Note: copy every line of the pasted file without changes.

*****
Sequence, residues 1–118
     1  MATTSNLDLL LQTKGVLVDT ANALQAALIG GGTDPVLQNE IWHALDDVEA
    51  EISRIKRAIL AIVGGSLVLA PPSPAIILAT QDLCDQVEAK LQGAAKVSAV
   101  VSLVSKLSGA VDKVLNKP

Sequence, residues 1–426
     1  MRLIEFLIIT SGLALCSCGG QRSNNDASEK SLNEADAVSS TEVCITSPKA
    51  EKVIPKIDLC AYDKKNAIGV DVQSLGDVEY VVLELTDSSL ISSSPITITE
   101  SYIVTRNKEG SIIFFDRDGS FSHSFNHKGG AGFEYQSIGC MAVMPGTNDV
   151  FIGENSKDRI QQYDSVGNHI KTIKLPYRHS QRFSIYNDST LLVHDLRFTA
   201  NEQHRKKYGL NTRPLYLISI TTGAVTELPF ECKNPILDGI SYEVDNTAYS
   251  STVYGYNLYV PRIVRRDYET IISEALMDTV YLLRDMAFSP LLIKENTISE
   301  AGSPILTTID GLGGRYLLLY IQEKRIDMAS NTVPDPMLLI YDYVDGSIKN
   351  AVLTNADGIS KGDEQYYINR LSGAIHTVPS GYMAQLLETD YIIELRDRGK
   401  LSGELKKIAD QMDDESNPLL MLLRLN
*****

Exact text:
Sequence, residues 1–118
     1  MATTSNLDLL LQTKGVLVDT ANALQAALIG GGTDPVLQNE IWHALDDVEA
    51  EISRIKRAIL AIVGGSLVLA PPSPAIILAT QDLCDQVEAK LQGAAKVSAV
   101  VSLVSKLSGA VDKVLNKP

Sequence, residues 1–426
     1  MRLIEFLIIT SGLALCSCGG QRSNNDASEK SLNEADAVSS TEVCITSPKA
    51  EKVIPKIDLC AYDKKNAIGV DVQSLGDVEY VVLELTDSSL ISSSPITITE
   101  SYIVTRNKEG SIIFFDRDGS FSHSFNHKGG AGFEYQSIGC MAVMPGTNDV
   151  FIGENSKDRI QQYDSVGNHI KTIKLPYRHS QRFSIYNDST LLVHDLRFTA
   201  NEQHRKKYGL NTRPLYLISI TTGAVTELPF ECKNPILDGI SYEVDNTAYS
   251  STVYGYNLYV PRIVRRDYET IISEALMDTV YLLRDMAFSP LLIKENTISE
   301  AGSPILTTID GLGGRYLLLY IQEKRIDMAS NTVPDPMLLI YDYVDGSIKN
   351  AVLTNADGIS KGDEQYYINR LSGAIHTVPS GYMAQLLETD YIIELRDRGK
   401  LSGELKKIAD QMDDESNPLL MLLRLN